Next stop, Salt Lake City, where I stayed in the same hotel Kathryn and Rebecca had stayed in – the Peery Hotel. The reservationist couldn’t put me in the same room they had stayed in because it was now part of the Macaroni Restaurant; however, she did put me in a room just above it.

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In the morning I followed the same tourist route they did, finding Mormon Square probably much like it was in 1923. Relatives from the Stober family line met me and took me to the site of the Saltair Resort by the Great Salt Lake.

The fabulous Saltair Resort was destroyed by fire (several times) but we found a gift shop that had photos of its former glory. Back in 1923, Kathryn rode the “Giant Racer,” a roller coaster out over the lake. We could only look at the lake in the distance, for over time it has shrunk considerably. The modern show venue now on site has a few architectural touches reflecting the extravagant architecture that once was the “Coney Island of the West.”

When Kathryn and Rebecca left Salt Lake City, they boarded a Southern Pacific train, which arrived in San Francisco’s Embarcadero via ferries. My California Zephyr, on the other hand, dropped us in Emeryville, California, where a bus took us across the bridges into the city and dropped us off by the curb on the Embarcadero near both the current small Amtrak waiting room and the dock where the old ferries arrived.

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And by this time I was learning the tricks for riding Amtrak – if your train is coming in the late evening (as it was in Salt Lake City), don’t head out to the tracks, watch the app, and keep your hotel room for at least a partial night’s sleep. We left 5 hours late that night because the Zephyr clipped a man on the tracks back in Oswego, Illinois. Any incident like that adds hours of investigation and crew change to a trip.

I knew I’d miss the Zephyr. After all it felt like home after 2,438 miles – some bumpy some smooth, but with grand vistas of vast ranches, dramatic Rockies, and Sierras. Next stop, California

 

 

Making archives come alive

In preparation for writing Dear Woman of My Dreams, I retraced my mother’s 1923 train trip.  She traveled with her grandmother visiting relatives and seeing the sights from Pennsylvania to California and back. I wrote a series of five articles for the Lebanon Daily News telling about my version of that trip.

Here’s the first part:

Riding the rails in the US: A train trip though history

Trains in America have indeed deteriorated as Ben Vient noted in “On the Rails.” It’s still a great way to travel if you’re not in a hurry and you are open to seeing our country as your great grandmother saw it. After reading old diaries and letters, I decided to do just that.

As for trains, I’ve been on the marvelous Shanghai Maglev train speeding to and from the airport – but speed isn’t everything. With diaries in hand, I spent a month on Amtrak, traveling the 7,000 mile route much like my mother Kathryn Nisley and her grandmother Rebecca Stober Hassler did in 1923.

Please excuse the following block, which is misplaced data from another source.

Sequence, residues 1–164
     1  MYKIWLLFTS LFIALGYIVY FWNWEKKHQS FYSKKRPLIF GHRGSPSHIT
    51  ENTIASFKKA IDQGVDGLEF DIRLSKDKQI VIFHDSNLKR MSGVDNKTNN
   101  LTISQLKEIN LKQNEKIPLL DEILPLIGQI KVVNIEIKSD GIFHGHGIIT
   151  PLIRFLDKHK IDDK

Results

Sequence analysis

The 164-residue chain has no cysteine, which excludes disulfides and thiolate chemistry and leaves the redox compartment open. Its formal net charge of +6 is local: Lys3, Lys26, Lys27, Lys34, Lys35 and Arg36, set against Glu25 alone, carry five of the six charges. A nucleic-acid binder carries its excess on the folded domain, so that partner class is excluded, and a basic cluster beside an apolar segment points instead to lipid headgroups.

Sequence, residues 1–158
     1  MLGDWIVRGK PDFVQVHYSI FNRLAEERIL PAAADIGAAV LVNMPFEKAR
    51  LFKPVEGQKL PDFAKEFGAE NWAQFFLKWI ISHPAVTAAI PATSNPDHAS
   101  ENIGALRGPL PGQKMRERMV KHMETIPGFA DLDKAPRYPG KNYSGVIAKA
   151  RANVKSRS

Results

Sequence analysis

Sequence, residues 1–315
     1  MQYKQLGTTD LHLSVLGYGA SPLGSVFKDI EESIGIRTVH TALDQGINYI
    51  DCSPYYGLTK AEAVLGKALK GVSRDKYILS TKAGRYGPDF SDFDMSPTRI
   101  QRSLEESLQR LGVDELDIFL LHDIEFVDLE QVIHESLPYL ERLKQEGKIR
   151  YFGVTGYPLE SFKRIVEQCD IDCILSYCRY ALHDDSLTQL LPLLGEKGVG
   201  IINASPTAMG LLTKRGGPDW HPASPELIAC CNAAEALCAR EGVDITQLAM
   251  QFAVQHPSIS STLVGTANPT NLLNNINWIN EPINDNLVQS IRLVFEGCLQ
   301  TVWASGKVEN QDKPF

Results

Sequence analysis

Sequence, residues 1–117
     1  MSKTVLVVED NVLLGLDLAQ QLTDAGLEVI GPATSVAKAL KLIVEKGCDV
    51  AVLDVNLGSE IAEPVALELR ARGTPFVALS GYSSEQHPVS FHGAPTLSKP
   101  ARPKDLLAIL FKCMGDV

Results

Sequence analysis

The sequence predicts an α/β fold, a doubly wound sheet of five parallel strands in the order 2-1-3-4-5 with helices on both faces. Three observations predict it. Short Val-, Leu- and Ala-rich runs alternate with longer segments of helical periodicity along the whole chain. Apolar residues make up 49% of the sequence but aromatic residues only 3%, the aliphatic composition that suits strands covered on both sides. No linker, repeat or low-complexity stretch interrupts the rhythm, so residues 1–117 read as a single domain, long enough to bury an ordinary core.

Trains took them everywhere as tourists and visitors – stopping to see Smeltzer relatives in Indiana, Stobers in Missouri, Hasslers and Millers in Colorado and Oklahoma, and Nisleys in California.

I left from Harrisburg under the same old train sheds they did, but I couldn’t get to their first stop in Ft. Wayne, Indiana.   That old Pennsylvania Railroad (PRR) service disappeared after the PRR and New York Central merger in 1968. Sometime I will drive to Indiana to find the grandchildren of the Smeltzers they visited in Bluffton.

After visiting there, Kathryn and Rebecca rode in the parlor car of the Manhattan Limited to Chicago, then went to visit Stober relatives in Missouri, traveling on lines such as the Chicago Rock Island & Pacific and the Quincy Lines to reach Kansas City and then Denver.

My path went straight to Denver. Well, not quite. These days, you leave the Pennsylvanian in Pittsburgh and wait at least 4 hours in the barebones waiting room for the notoriously late Capitol Limited from Washington.

Once in still-grand Union Station, I had another wait. In the Metropolitan Lounge for sleeping car passengers only, Amtrak staff dealt with upset and worried travelers, and not just from my late trains. I noticed something then that would prove true throughout my trip: Amtrak employees work hard to make your trip a pleasant experience, they really do.

Eventually I got settled on the California Zephyr. Once I got to Denver, Amtrak put me on a bus to get to my next Amtrak-ticketed stop – Colorado Springs. The passenger train station is still there but not the trains, unless you count the Denver & Rio Grande Engine No. 168 (1883-1938) in the park nearby or the freights that thunder by.

On their stay in Colorado Springs, Kathryn and Rebecca hired a “handsome young guide and a big car” for a tour of the Garden of the Gods, Seven Falls, Manitou, and up the winding path to the Cave of the Winds (quite adventurous of them actually). What was it really like getting up that mountain in a 1923 car and then walking through the dimly lit cave?